Table 12-3 presents Sharon’s initial functional- movement program, which is designed to improve core stability and mobility. She will start with two sets of each exercise, with rest intervals of 60 seconds. As Sharon adapts to the exercises and progresses through the training program, Mike will increase the volume to three sets of each exercise and minimize the rest intervals so that Sharon begins to do all of the exercises in a circuit format, moving from one exercise to the next and not resting until the end of the series of exercises. Mike will teach Sharon how to do a modified version of the workout with the equipment that she has available at home.
Once Sharon is able to complete the exercise circuit three to four times with good coordination and while maintaining a high work rate, Mike will change the exercise selection and progress the resistance-training workout into the movement-training phase (phase 2).
Cardiorespiratory Training— Phase 1: Aerobic-base Training
During this phase, Sharon will train at an aerobic level that falls below the “talk test” level. Since VT1 will not be assessed until the next phase, Mike will teach her how to gauge her intensity using the RPE scale (0 to 10 scale), and instruct her to exercise at an RPE of 3 to 4, with initial goals of performing regular cardiorespiratory exercise while focusing on increased duration. Mike will plan three aerobic-training sessions per week during this phase of training. Since Sharon wants to get back into running, Mike will start her with a program built on brisk walking and then introduce jogging into her cardiorespiratory training. This also meets her requirement of being able to exercise on her own by going outside for walks or runs when she does not have time to make it to the health club. Table 12-4 presents Sharon’s aerobic-base training program.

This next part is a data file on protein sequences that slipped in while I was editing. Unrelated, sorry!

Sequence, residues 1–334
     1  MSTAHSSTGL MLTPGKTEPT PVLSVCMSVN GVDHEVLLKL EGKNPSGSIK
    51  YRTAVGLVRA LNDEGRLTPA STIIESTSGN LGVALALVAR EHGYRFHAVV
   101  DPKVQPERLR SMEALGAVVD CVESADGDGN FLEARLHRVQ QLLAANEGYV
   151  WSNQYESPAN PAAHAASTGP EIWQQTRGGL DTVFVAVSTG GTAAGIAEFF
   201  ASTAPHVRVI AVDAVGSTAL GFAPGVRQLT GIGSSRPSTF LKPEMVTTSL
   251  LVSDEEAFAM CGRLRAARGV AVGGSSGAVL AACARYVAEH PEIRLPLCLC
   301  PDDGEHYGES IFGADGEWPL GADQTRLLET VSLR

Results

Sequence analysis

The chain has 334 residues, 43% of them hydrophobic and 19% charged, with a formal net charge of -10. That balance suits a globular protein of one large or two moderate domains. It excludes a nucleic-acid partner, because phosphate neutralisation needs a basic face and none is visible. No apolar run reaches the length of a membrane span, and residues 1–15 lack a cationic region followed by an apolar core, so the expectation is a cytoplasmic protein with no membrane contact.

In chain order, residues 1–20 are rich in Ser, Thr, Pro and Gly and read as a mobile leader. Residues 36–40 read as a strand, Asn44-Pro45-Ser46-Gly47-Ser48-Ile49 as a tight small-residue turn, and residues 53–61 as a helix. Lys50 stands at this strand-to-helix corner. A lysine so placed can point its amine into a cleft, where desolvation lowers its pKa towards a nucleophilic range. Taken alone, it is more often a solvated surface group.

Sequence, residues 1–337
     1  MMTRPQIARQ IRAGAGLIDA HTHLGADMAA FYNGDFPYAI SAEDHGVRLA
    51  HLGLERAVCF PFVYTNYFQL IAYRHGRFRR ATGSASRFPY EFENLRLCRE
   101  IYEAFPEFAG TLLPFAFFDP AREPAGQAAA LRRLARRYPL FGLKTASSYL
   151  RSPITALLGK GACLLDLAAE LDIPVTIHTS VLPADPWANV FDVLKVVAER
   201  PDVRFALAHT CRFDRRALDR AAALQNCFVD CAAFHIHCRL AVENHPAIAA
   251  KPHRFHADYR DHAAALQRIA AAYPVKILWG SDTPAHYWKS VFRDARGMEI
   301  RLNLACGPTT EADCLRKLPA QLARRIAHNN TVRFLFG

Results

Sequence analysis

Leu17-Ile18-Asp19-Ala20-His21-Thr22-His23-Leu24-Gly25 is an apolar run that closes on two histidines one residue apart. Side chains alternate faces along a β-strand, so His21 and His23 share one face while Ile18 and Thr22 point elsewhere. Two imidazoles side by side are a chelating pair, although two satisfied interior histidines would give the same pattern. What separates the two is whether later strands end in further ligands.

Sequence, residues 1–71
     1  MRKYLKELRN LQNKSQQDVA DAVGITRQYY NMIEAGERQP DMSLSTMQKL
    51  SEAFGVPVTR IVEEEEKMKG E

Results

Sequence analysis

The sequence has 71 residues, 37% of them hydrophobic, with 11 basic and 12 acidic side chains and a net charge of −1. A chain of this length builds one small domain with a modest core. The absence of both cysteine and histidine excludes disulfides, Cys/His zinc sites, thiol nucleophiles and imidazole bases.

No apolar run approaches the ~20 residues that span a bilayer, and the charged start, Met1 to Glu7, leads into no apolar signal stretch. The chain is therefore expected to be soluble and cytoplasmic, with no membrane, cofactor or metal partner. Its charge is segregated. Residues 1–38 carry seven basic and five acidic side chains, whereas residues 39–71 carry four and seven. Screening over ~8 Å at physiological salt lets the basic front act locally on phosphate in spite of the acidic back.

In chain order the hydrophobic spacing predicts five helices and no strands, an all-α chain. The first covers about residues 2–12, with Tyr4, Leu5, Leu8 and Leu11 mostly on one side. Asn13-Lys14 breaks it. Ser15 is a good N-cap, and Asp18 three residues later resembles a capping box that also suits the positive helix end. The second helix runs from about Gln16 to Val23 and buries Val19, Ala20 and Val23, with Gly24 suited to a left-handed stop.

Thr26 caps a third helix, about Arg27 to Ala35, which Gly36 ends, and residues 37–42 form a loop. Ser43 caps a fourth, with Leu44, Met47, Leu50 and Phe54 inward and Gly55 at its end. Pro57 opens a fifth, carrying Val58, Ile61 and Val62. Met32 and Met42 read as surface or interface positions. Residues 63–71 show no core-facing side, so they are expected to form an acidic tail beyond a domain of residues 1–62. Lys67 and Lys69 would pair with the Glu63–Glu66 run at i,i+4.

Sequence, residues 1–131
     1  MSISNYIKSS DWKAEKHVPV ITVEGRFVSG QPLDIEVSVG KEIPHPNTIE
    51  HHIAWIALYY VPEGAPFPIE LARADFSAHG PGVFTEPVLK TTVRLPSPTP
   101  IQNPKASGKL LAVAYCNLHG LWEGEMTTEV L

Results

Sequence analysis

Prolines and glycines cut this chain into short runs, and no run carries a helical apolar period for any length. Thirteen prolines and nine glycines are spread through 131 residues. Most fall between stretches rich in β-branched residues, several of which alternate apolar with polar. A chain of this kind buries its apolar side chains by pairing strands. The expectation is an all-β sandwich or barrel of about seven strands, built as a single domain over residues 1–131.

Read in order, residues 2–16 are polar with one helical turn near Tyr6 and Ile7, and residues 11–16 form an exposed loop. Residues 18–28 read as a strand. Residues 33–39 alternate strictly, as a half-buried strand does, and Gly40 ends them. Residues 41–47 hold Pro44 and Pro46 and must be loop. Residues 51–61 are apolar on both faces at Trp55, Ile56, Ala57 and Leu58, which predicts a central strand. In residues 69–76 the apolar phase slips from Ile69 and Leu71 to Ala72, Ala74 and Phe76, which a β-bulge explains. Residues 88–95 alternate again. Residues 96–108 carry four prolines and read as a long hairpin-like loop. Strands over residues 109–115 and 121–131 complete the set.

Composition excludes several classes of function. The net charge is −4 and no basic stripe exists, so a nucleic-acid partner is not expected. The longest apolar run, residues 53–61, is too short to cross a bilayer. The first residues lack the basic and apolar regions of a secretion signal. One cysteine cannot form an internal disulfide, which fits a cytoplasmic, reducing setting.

Once Sharon is consistently performing 25 to 30 minutes of walking/jogging at an RPE of 4 and is ready to do more, Mike will have her perform a submaximal talk test to determine her HR at VT1 and then progress her program by introducing low–zone 2 intervals with intensities slightly above VT1.
Functional Movement and Resistance Training— Phase 2: Movement Training
This phase will last until Sharon demonstrates effective and efficient control of the basic movement patterns: squatting, lunging, pushing, pulling, and rotational (see page 330 for more information on the five basic movement patterns). Mike estimates that Sharon will spend four to six weeks in this phase
• Frequency: Sharon will train twice per week with Mike and once a week on her own.
• Intensity: These exercises primarily use bodyweight as resistance, but Sharon can progress to using external-resistance equipment like medicine balls and dumbbells as her movement patterns and strength improve.
• Type: The focus of the exercise selection is to retrain basic patterns of movement and work on integrated muscle coordination.
• Time: Each workout should last approximately one hour, including the warm-up and cool-down. Table 12-5 presents Sharon’s movement training program.
Cardiorespiratory Training— Phase 2: Aerobic-efficiency Training